Lost Ember attempts to be an artistic experience, yet struggles to be an enjoyable game. The story is uninteresting and predictable, the gameplay is boring and sometimes frustrating, and the huge performance issues on Switch makes this game close to unplayable at times. While there is clearly potential here, Lost Ember fails to deliver on nearly every front. There are plenty of other artsy games on Switch to pick up over this one.
Ori and the Will of the Wisps is not just a great sequel; in many ways, it outdoes its predecessor. The addition of more customization options, a greater focus on combat and a better-developed story – all in a game that's running at 60 frames per second – allows the sequel to comprehensively outshine the original. However, this does come at a cost of stability, as several crashes and soft-locks were extremely demotivating. Overall though, Ori and the Will of the Wisps is a must-buy for anyone even the slightest bit interested, and we're confident that the stability problems can be patched in the future. This is a supremely enjoyable platform adventure which everyone should experience.
Overall, Adventures of Pip makes the biggest mistake a game can make: being boring. While the game had a lot of potential, it is brought down by being unmemorable. A great soundtrack cannot justify bland level design, a restrictive bit-switching gimmick, and a lacklustre story. There are far more imaginative and innovative platformers on Switch that deserve a look over this.
While Takeshi & Hiroshi may immediately grab you with its charming art style, the game itself is sadly quite lacking. From start to finish, the player will feel like they are watching an interactive short film, completely removed from the world. Combined with the frustrating random elements and the lack of overall content, Takeshi & Hiroshi does not provide enough to warrant a recommendation.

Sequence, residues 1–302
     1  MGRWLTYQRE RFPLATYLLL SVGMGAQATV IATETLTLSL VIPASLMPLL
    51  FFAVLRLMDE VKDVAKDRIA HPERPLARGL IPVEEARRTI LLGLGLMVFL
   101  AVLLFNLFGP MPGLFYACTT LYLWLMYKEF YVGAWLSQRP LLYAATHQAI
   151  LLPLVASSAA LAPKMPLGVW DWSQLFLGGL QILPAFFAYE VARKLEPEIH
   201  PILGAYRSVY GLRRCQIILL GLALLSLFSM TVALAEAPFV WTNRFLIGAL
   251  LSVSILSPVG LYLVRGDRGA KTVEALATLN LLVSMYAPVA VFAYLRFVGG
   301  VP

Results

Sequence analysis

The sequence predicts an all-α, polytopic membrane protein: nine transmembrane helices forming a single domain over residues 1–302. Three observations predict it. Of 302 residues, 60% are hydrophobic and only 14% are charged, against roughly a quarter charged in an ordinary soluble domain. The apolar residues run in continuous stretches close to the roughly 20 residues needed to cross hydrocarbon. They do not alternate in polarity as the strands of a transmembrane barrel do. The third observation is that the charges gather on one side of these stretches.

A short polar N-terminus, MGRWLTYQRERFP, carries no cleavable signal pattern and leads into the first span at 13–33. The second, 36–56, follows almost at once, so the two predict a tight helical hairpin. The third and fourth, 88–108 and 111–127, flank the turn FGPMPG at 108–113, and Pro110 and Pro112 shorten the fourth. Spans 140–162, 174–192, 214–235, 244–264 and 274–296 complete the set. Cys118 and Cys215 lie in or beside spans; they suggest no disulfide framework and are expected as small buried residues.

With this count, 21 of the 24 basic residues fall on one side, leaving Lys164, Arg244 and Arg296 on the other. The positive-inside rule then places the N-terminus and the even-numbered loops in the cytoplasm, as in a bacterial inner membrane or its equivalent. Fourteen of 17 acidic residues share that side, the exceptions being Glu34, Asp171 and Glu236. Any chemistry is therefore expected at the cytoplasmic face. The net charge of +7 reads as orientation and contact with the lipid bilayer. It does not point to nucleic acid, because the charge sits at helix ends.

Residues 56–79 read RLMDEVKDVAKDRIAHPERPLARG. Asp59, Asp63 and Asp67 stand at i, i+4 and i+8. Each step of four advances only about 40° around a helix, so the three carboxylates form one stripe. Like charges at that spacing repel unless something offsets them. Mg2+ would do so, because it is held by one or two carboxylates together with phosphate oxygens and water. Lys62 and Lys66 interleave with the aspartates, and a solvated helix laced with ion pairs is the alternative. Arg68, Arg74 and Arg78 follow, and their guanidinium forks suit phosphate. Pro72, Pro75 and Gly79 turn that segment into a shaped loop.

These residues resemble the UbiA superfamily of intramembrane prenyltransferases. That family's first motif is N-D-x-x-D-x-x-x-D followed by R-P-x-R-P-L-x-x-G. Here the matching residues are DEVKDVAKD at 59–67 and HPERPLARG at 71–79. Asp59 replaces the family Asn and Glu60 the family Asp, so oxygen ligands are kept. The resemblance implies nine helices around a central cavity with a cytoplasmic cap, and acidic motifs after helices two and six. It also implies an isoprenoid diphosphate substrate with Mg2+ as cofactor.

When I wasn't bored with the lack of substance to this game, I was aggravated by every enemy encounter and the core battle mechanics. When the best part of the game is the classic local multiplayer Pong experience from nearly 50 years ago, that should say a lot about the quality of the game. If you really want to play the original Pong on Switch, that should be the only reason you should be picking up this title.
The idea of an open world to explore and goof around with friends is hampered by awful controls, an empty world, tedious gameplay, and a boatload of glitches. There are far better options for party games on Switch that will give you much less frustration, guaranteed. While the aim was clearly to deliver a goofy package, it seems the package never quite arrived.
The lack of accessibility and alienation of new players makes the experience more frustrating than it should be. For lovers of the original, Exit the Gungeon comes with an easy recommendation. However, for those new to the series, it may be better to exit stage right.
For veterans of the Bubble Bobble series, this is a worthy follow up to the classics. For newcomers, the accessibility options, like the lack of a serious penalty for dying, make this one of the easiest places in the series to jump in. If you don't mind the light amount of content, Bubble Bobble 4 Friends is an excellent pickup.
Players who had previously purchased the base game could upgrade to the Ultimate edition through DLC for a price. Newcomers, on the other hand, will now only be available to purchase the game as Warriors Orochi 4 Ultimate. For those getting into the series, the Ultimate edition is easily the definitive way to experience the game. To those who already owned the base game however, your money is best spent elsewhere.
However, the lack of multiple modes and sparse single player content make this package feel like more of a mini-game. With the Switch hosting hundreds of multiplayer games that deliver a similar but fuller experience, like Runbow, it's hard to recommend this one. If you're looking for a more robust multiplayer experience, you may want to look elsewhere.